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Monday, November 9, 2009
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The journey to Dublar Char is in itself an adventure. Photo: MUMIT M.
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Over the centuries, festivals have become an inseparable part of Bengali traditions, held amidst much fanfare in different areas of the country throughout the year. Of them, 'Raas Mela' has a special place in the heart of the Hindu community. The USP of the festival is seemingly its vivid nature and celebration marked with music and dance. Recently, 'raas mela' was observed throughout the country. Major celebrations were held at the Kantaji Temple, Maulvibazar, Kuakata and Dublar Char. The 'mela' at Dublar Char has become a tourist attraction because of its location. Dublar Char is located at the southern border of the Sundarbans, facing the Bay of Bengal .

The 'mela' is held in the heart of the Sundarbans -- the largest mangrove forest in the world, miles away from the locality. Though this year the 'mela' did not get a mega-celebration because of the continuing after-effects of cyclone Aila, it was remarkable nevertheless.

People coming from Khulna, Bagerhat, Jessore and Satkhira districts recalled that traditionally the 'mela' is held for three consecutive days but after Aila hit the region badly, many were apprehensive of coming to the area this year. As a result, the event lasted only for a day. Devotees were significantly small in number at the festival as well.

The significance of 'Raas Mela' to the people of the Sundarbans is remarkable for its message of religious harmony. There is a temple in the heart of the island. The island is locally known as 'Alorkol.' In the temple, along with the idols of Krishna, Radha and other deities, mythical characters popular in the region like Gazi Pir, Kalu and Bonbibi, have found pride of place. The devotees worship those local mythical characters for their safe return home. Not only Hindus but many Muslims from the adjacent areas also attend the 'mela'.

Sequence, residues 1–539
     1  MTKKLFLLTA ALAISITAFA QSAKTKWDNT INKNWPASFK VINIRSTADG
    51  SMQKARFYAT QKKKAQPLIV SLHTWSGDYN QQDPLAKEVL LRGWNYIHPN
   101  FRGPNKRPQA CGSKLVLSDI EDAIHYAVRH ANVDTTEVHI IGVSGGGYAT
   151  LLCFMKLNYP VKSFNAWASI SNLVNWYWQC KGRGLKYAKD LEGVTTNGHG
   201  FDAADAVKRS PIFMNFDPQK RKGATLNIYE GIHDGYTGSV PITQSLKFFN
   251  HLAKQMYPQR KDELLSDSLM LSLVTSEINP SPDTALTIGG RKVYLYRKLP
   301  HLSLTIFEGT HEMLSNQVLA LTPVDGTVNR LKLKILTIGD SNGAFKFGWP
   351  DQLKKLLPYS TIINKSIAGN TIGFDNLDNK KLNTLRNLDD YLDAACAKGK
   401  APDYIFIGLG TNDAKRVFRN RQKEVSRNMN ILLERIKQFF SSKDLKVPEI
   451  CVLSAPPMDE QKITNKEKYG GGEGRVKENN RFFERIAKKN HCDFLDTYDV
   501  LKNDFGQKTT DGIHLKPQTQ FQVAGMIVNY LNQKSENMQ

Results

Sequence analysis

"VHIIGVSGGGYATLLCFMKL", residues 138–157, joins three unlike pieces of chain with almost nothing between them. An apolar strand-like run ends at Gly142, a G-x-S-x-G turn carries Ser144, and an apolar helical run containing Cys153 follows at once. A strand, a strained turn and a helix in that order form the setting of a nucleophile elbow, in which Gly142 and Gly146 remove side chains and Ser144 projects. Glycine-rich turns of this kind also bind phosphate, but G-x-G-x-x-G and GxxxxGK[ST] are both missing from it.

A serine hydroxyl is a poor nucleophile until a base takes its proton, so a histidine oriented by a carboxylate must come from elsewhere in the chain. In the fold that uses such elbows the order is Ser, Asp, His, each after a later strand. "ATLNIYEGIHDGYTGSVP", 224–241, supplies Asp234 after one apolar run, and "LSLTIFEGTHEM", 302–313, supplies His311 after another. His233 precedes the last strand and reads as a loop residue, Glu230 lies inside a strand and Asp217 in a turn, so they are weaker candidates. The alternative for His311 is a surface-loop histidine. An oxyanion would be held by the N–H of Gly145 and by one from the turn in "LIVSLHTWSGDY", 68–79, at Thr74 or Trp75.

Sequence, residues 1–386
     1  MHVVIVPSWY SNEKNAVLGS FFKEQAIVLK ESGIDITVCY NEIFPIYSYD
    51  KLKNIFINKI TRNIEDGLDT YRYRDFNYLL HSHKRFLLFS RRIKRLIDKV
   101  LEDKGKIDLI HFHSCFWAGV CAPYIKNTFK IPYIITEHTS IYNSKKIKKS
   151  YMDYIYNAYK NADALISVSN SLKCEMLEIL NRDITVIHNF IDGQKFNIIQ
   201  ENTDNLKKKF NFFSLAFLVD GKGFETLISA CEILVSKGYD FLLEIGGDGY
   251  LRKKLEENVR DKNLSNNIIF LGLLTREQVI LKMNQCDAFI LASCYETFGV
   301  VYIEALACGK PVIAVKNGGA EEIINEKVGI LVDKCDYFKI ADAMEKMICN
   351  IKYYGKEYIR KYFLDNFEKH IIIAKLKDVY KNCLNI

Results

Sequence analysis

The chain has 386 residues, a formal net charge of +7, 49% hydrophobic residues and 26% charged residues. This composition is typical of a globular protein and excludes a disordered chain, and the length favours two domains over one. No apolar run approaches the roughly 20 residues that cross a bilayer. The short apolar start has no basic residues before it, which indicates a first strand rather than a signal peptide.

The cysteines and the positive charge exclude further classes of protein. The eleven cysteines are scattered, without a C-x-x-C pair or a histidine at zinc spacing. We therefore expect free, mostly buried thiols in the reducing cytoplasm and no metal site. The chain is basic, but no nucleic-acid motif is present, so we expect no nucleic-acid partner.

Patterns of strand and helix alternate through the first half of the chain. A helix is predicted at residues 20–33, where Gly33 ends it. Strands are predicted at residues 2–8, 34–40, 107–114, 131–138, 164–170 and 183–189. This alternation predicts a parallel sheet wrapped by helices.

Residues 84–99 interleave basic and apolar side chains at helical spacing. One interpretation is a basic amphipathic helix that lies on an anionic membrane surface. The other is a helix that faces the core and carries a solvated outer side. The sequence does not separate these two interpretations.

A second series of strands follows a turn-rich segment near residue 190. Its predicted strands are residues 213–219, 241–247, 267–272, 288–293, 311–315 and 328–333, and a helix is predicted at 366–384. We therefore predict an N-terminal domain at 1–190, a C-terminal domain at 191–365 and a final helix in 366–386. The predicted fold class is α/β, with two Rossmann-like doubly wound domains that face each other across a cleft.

This year the daylong 'mela' formally started on the evening of November 2, though the hustle and bustle started early in the morning. Small shops offering seashell ornaments, local handicraft, dry fish, sweets and much more were the main attractions.

There was a cultural programme as well, which featured renditions of traditional and popular songs. Artistes from Khulna performed throughout the night. The highlight of the event was rendition of 'padabali kirtan'.

The journey to Dublar Char is in itself an adventure. People who came from the Satkhira region took approximately a 10-hour journey downstream and those who came from Mangla seaport made a journey of nearly six hours. It was anything but comfortable. Then why do people decide to rough it and come here? "This place is sacred to us," said Tulshi Das Biswas, one of the devotees. Tulshi Das belongs to the 'Matua' community from Bhatiapara, Gopalganj district. He went there along with nearly a hundred people from his community.

As Dublar Char is only accessible through boats, locals went there divided in small groups. One such group was from the Neeldumur and Burigoalini areas of Shyamnagar, Satkhira.

They went there to enjoy the festivities and to generate awareness about the Sundarbans. The group also included an amateur theatre troupe, patronised by a local non-government organisation BARCIK. The troupe staged a street play at the 'mela' to generate awareness on the bio-diversity of the Sundarbans.

The 30-minute play narrates the struggle of 'Mawali' (a honey collecting community from Sundarbans). Mawalis go deep inside the Sundarbans to collect honey and often face the wild animals. One of the performers was Shahabuddin Gayen, who originally is a 'Mawali'. He thinks that to keep the beauty of the Sundarbans unaffected, people have to be aware of the issues facing the geological landmark. Shahabuddin also sang self-composed songs depicting life in the forest.

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